When you walk into a space, what’s the first thing that you do? Is it looking up…at the ceiling? At Armstrong World Industries, that’s precisely what they do. Ceilings play a crucial role in the holistic design of interior space, and for more than 150 years, Armstrong has offered innovative solutions that make a positive difference in the spaces where we live, work, learn, play — and heal.
Today, we’re kicking off a three-part series we’ll be hosting with Armstrong that digs into how our organizations are reimagining buildings, spaces, and products to enhance health and wellbeing in our return to the office and shared spaces. These solutions, excitingly, also enable sustainability and provide new points of inspiration and connection for our communities. Building upon a 25-year partnership, our shared mission of improving the human experience through design is being driven towards a critical — yet hopeful — time of transformation. Together, we’ll explore how we might transform the built environment to bring greater value to individuals, organizations, and society as a whole.
“This pandemic has really accelerated the idea of health and wellness, and it has accelerated the climate crisis as well as social injustice…I think all of these things together are transforming our cities and every aspect of live, work, and play.” — Janet Pogue McLaurin, Principal, Global Workplace Research Leader, Gensler
As architects and designers meticulously work to transform our workplaces, retail, restaurants, schools, and virtually all places where humans connect in a post-COVID world, each space element has taken on a new sense of purpose and intentionality. Ceilings are certainly no exception. In our first episode of this series with Armstrong, Janet Pogue McLaurin, a Principal and Global Workplace Research Leader who has been at Gensler for more than 38 years, moderates a conversation between Vic Grizzle, CEO of Armstrong World Industries, and Don Ghent, a Principal and Design Realization Leader at Gensler, about how ceilings are an important part of the holistic approach to design we must take as we reimagine shared spaces in the future.
Gensler recently completed a series of Global Workplace Surveys in the the U.S., the U.K., France, and Australia (Australia report is forthcoming). While results varied slightly by country, overall, we found that only a small percentage of workers want to work from home full-time; most want to return to the office full-time or a few days a week. And as people return to the office, they want to feel safe, healthy, and valued.
Post-pandemic, we have the opportunity to improve what didn’t work before and to create great experiences for people — places where people want to be, including transforming buildings and workspaces where people can be their best selves and do their best work with each other. Armstrong is at the forefront of this movement, using their own workplace as a living lab and leading model for collaboration across the industry, beta testing new health-focused solutions and emerging innovations in workplace design, and ultimately transforming their campus to elevate wellness and sustainability.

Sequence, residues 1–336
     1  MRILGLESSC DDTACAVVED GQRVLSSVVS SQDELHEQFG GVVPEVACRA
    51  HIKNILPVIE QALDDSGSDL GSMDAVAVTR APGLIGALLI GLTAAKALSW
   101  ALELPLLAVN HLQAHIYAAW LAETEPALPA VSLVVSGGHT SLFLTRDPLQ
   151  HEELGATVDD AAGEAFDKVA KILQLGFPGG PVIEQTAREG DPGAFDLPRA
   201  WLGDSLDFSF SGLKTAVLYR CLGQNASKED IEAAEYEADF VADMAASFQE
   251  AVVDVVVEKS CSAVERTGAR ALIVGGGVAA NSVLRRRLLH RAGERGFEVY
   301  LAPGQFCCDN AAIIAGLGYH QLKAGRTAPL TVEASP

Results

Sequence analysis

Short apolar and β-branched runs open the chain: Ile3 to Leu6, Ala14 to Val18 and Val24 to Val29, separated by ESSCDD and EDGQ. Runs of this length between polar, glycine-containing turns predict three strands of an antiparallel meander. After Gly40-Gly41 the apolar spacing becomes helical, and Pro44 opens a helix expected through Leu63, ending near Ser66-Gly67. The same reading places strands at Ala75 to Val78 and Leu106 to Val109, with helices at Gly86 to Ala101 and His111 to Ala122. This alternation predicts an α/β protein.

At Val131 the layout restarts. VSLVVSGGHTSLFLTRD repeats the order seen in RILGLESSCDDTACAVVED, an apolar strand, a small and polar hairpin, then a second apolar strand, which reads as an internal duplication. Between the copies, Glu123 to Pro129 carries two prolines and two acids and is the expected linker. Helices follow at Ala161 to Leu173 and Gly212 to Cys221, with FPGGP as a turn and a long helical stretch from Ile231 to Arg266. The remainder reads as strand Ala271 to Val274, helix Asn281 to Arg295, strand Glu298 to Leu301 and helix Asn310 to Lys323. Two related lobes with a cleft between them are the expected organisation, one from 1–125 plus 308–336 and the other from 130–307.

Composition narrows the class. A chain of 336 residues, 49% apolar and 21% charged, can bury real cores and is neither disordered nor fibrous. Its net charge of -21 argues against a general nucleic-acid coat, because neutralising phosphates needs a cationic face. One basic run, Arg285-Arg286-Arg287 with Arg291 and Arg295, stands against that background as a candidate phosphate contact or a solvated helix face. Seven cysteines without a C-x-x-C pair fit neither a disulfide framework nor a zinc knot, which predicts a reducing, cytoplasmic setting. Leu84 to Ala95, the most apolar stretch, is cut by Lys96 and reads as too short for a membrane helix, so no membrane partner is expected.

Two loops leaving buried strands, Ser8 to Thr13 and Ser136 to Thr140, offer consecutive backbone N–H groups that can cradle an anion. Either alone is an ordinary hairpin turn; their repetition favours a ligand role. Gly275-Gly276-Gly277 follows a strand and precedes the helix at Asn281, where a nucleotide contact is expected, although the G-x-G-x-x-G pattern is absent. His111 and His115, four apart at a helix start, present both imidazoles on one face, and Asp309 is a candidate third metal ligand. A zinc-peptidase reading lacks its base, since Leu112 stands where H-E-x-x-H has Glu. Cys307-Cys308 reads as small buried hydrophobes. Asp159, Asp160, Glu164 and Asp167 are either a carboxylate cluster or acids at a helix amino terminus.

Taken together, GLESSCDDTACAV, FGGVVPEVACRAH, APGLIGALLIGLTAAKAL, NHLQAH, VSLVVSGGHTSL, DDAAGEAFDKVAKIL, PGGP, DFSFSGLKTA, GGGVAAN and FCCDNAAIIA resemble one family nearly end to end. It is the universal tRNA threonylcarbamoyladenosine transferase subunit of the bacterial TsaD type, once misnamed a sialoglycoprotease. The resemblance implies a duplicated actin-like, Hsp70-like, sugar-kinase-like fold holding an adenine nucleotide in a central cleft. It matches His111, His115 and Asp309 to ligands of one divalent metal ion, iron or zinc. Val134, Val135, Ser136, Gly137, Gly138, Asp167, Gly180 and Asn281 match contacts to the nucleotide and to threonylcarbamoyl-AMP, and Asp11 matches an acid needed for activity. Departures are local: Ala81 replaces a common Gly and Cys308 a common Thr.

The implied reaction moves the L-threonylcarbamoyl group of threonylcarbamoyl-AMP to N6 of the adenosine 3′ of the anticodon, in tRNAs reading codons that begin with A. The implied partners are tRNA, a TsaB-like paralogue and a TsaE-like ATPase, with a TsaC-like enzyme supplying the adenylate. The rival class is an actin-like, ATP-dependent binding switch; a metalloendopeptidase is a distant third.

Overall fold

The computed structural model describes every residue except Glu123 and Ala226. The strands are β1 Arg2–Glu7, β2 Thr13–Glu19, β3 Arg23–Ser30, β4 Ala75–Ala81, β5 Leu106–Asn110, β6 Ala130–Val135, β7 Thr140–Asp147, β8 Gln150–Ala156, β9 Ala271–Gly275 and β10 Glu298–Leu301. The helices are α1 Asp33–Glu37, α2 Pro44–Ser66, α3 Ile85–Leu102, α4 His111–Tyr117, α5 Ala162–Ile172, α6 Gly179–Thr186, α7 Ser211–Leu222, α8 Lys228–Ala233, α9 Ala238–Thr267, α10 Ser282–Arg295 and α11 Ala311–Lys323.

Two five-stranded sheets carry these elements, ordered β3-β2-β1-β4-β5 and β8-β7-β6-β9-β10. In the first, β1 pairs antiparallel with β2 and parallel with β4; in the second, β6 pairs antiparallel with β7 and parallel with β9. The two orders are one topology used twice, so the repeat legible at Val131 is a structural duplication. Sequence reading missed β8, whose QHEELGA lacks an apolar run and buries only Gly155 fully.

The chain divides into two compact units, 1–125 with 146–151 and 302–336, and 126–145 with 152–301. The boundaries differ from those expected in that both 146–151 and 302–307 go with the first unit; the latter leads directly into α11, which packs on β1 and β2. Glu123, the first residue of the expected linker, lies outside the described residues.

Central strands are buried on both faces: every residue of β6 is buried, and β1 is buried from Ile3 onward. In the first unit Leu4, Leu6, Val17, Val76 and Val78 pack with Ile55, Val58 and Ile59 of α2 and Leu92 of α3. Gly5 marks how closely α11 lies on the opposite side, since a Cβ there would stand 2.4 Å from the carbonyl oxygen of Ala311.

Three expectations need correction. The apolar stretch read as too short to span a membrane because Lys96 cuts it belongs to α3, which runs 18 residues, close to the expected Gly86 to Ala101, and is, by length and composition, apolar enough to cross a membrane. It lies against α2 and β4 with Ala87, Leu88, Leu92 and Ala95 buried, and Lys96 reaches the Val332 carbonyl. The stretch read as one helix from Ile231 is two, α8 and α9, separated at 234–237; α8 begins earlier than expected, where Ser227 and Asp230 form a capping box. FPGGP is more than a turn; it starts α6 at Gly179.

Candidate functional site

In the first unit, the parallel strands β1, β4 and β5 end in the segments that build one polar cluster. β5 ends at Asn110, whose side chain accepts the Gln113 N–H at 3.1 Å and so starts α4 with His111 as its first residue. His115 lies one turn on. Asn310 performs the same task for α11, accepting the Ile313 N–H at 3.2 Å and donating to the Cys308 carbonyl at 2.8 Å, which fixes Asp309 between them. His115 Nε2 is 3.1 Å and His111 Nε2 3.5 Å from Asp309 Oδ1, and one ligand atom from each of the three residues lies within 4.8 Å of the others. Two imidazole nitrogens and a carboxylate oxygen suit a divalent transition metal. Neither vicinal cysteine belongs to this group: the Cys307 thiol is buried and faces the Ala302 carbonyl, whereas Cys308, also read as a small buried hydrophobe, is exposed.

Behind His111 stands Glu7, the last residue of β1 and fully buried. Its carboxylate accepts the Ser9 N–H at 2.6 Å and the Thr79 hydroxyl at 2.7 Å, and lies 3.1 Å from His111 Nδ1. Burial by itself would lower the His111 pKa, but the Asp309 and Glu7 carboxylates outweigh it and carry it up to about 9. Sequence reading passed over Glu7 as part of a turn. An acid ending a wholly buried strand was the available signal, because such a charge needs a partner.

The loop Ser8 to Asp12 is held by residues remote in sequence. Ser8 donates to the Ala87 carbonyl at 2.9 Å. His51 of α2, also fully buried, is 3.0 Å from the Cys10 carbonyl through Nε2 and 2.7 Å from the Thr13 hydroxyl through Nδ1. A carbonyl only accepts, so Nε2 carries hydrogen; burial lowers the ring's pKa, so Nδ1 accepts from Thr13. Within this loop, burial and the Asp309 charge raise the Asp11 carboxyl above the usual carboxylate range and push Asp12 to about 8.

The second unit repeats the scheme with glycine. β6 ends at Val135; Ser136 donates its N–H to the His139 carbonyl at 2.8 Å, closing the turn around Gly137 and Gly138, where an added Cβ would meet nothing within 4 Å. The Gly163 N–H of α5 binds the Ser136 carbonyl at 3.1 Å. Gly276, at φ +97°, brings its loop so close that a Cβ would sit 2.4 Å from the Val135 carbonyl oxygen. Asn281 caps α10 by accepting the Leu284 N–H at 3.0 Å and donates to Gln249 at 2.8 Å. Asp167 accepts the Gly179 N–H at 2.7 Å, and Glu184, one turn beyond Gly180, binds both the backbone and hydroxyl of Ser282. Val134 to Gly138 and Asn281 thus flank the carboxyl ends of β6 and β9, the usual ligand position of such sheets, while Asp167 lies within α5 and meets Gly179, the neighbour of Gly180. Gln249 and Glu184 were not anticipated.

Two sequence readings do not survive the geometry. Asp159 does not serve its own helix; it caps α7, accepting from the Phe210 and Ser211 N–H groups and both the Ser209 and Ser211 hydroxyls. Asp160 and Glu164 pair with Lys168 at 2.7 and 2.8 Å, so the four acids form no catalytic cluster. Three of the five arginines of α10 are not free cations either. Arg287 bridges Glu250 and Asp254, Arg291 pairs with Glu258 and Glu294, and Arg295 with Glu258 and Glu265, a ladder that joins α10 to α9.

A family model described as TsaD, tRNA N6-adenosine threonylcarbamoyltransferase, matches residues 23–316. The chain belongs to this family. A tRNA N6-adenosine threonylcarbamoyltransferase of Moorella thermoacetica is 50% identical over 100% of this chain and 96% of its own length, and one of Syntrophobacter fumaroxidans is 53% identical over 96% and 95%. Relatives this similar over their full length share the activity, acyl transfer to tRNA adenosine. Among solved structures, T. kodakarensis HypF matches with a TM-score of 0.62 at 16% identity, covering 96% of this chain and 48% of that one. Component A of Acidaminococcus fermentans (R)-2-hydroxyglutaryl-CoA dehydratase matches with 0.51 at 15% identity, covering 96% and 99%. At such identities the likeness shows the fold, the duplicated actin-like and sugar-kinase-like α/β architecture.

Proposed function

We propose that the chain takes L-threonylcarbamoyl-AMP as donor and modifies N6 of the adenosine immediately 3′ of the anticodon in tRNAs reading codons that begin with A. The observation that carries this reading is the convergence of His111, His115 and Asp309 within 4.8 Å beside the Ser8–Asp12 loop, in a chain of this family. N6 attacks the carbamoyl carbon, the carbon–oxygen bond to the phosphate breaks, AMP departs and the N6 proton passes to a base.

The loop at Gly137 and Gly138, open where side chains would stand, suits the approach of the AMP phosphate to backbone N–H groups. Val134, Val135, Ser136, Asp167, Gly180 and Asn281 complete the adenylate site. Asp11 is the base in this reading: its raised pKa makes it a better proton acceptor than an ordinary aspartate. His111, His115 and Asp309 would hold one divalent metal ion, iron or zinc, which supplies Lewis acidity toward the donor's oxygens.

COVID-19 has been a huge disruptor in every aspect of our lives. We have been forced us to reexamine our priorities about what’s important and what really matters. It is allowing us reimagine a new workplace where people come together, reinforce culture, and strengthen relationships. The new role of the workplace will be to come together to be with our teams, colleagues, and clients in person, while reserving days to work independently at home for intense heads-down work. The design of physical workspaces must change to support this new role with new space types that connect us with each other and support group work.
“If 52% of the people [want to be] in a hybrid [work] mode from here on out, or at least the foreseeable future, how do we plan spaces for that hybrid mode? How do we make sure people are comfortable and we’re thinking about the future…we need to actually make this part of our practice.” — Don Ghent, Principal, Design Realization Leader, Gensler
This new design must reinforce the culture, mission, and purpose of organizations in visceral ways, giving each employee an understanding of how their work contributes to the whole when they are present and how it includes them even when they are working from home. We must also create solutions that support the health and wellbeing of workers. We’re already seeing touchless technology, synergy of indoor and outdoor spaces, nudging of healthy behaviors, and a sense of psychological well-being incorporated into office design.
The roofs over our heads are, ironically, often overlooked. But, in fact, ceiling products are a crucial component of the holistic design of a space. Though many of the temporary solutions we’re seeing to address the current pandemic — like plexiglass and mask mandates — may eventually phase out, one lesson learned from this experience that is here to stay is an emphasis on clean air for all. And innovative ceiling technologies can provide the proper ventilation and filtration solutions to address just that. So, as we plan our safe re-entry into the cities we inhabit, let’s not forget to… look up!
“Our mindset around healthy spaces and the spaces we go into and the definition of healthy, have changed forever…This has been a health crisis and it’s gotten to the most fundamental element of human beings and that is their survival: their innate need to survive and stay safe. When that’s been attacked, change happens the most.” — Vic Grizzle, CEO, Armstrong World Industries Inc.